Assessment and treatment of social problem solving in offenders with intellectual disability

William R. Lindsay, Clare Hamilton, Stuart Moulton, Steve Scott, Michael Doyle, Mary McMurran

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23 Citations (Scopus)


In mainstream offender work there has been a significant amount of theory and applied research linking moral development, perspective taking and poor social problem solving to offending. Given that such deficits are likely to feature in offenders with intellectual disability (ID), it is surprising that this research has not spread to the field of ID. Study 1 employed 132 participants in an evaluation of the 25-item short form of the Social Problem Solving Inventory - Revised (SPSI-R). Study 2 describes the development of a social problem solving programme (SPORT) based on established theoretical principles, for use with offenders with ID. The SPSI-R is used to evaluate the progress through the programme of 10 participants. In Study 1 a four-factor solution emerged which corresponded to the five dimensions contained in the SPSI-R. Negative problem orientation, impulsive/careless style and rational style emerged as unitary factors while positive problem orientation and avoidant style loaded on a single factor at opposite poles. In Study 2 participants became less impulsive and more positive in their style and orientation towards social problem solving. The assessment and treatment of social problem solving may be a fruitful addition to general work with offenders with ID. Such programmes should be considered in conjunction with interventions for problems such as sexual and violent offending.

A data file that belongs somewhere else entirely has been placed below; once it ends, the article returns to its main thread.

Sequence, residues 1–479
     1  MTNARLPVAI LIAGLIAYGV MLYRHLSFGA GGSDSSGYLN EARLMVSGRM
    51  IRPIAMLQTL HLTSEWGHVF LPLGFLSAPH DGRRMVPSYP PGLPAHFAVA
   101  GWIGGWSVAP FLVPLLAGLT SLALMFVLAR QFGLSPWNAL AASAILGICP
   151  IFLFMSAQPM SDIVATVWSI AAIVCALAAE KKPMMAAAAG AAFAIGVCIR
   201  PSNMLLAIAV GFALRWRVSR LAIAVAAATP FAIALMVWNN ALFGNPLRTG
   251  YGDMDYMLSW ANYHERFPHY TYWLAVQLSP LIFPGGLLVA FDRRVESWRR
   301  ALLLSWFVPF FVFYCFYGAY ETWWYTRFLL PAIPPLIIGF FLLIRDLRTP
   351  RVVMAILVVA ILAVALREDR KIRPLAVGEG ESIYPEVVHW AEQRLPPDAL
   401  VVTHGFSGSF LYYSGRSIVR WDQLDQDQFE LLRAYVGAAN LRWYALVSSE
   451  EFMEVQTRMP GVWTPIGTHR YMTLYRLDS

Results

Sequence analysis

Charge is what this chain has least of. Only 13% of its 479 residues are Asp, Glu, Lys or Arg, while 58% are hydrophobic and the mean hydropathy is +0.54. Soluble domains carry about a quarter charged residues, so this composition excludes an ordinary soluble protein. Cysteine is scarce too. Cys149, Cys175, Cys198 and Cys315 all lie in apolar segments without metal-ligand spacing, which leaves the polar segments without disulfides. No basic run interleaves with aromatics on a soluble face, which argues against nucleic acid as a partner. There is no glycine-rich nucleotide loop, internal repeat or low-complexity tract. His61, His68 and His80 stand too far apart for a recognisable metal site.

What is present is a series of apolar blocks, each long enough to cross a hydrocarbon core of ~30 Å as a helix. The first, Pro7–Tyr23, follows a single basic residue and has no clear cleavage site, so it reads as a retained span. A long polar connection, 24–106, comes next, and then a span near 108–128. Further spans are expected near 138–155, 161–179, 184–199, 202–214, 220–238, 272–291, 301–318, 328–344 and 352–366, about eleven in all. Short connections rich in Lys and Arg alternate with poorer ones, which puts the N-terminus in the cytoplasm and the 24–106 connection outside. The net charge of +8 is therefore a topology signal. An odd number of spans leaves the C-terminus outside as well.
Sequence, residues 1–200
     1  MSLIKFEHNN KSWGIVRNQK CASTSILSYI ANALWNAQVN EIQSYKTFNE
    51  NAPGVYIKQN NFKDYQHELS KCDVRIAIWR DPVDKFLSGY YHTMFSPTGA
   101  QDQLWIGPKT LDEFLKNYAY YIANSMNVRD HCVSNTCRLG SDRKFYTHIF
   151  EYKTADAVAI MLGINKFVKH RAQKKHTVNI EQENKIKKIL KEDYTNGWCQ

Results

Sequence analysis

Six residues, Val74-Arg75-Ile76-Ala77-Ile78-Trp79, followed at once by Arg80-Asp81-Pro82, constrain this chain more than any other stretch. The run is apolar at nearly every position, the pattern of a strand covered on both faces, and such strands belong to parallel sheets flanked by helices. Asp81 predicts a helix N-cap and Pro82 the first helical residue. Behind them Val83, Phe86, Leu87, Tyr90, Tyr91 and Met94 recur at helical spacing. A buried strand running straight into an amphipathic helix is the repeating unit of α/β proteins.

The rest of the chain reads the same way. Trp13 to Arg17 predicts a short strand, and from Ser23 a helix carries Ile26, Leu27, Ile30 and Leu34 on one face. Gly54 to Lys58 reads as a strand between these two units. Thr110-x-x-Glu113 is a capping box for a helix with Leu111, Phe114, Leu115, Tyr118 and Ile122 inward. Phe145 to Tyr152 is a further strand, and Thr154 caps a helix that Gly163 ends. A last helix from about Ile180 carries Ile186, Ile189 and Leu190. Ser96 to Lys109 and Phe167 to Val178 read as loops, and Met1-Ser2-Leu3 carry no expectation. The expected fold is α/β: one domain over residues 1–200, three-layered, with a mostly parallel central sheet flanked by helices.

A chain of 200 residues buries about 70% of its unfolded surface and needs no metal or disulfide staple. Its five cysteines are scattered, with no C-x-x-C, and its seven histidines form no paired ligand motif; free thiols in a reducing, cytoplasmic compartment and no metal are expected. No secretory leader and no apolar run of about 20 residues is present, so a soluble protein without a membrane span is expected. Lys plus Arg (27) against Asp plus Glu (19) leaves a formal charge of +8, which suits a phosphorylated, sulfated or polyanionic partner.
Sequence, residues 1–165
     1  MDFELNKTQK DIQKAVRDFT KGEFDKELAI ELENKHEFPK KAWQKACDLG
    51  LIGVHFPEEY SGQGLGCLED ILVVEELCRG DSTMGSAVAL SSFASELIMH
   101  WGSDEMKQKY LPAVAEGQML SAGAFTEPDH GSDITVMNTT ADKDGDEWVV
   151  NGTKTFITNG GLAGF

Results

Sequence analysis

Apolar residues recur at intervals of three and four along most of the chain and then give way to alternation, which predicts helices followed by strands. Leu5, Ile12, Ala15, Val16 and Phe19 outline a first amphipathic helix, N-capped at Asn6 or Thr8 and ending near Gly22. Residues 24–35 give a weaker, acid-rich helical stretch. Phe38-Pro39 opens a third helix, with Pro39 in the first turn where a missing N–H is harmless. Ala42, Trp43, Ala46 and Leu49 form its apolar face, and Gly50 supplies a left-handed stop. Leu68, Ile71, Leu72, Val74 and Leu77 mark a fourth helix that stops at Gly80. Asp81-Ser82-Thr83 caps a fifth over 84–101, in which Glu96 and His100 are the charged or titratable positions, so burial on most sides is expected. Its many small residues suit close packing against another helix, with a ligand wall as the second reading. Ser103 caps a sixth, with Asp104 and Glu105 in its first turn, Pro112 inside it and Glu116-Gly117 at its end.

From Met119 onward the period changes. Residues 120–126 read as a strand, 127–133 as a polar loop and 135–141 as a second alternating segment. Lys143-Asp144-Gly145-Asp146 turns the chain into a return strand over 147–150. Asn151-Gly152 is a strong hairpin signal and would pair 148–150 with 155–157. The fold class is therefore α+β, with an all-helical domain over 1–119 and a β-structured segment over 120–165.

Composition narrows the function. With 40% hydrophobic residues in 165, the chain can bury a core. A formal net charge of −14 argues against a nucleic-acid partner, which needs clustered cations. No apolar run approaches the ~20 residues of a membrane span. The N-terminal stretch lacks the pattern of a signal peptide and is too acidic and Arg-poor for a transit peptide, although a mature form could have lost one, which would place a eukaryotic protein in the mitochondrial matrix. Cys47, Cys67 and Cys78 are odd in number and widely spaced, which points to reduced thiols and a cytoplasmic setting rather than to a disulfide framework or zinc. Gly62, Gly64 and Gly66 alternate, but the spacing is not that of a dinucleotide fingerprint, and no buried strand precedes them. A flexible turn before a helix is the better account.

Original languageEnglish
JournalPsychology Crime and Law
Issue number2
Publication statusPublished - 2011
Externally publishedYes


  • Criminals


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